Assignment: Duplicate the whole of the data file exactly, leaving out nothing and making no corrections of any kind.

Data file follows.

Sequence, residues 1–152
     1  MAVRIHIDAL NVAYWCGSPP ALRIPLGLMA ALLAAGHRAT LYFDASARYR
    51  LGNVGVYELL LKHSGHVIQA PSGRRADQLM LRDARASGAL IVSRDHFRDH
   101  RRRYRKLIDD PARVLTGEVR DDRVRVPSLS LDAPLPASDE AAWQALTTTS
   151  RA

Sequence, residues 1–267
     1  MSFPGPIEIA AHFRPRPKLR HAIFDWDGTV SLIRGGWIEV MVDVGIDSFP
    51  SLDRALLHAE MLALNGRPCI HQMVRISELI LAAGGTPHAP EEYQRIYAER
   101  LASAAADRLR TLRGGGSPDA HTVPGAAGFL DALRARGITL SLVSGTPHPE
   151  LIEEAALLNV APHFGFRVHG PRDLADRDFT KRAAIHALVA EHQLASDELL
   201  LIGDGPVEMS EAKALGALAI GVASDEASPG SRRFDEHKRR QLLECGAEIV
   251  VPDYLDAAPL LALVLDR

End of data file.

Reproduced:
Sequence, residues 1–152
     1  MAVRIHIDAL NVAYWCGSPP ALRIPLGLMA ALLAAGHRAT LYFDASARYR
    51  LGNVGVYELL LKHSGHVIQA PSGRRADQLM LRDARASGAL IVSRDHFRDH
   101  RRRYRKLIDD PARVLTGEVR DDRVRVPSLS LDAPLPASDE AAWQALTTTS
   151  RA

Sequence, residues 1–267
     1  MSFPGPIEIA AHFRPRPKLR HAIFDWDGTV SLIRGGWIEV MVDVGIDSFP
    51  SLDRALLHAE MLALNGRPCI HQMVRISELI LAAGGTPHAP EEYQRIYAER
   101  LASAAADRLR TLRGGGSPDA HTVPGAAGFL DALRARGITL SLVSGTPHPE
   151  LIEEAALLNV APHFGFRVHG PRDLADRDFT KRAAIHALVA EHQLASDELL
   201  LIGDGPVEMS EAKALGALAI GVASDEASPG SRRFDEHKRR QLLECGAEIV
   251  VPDYLDAAPL LALVLDR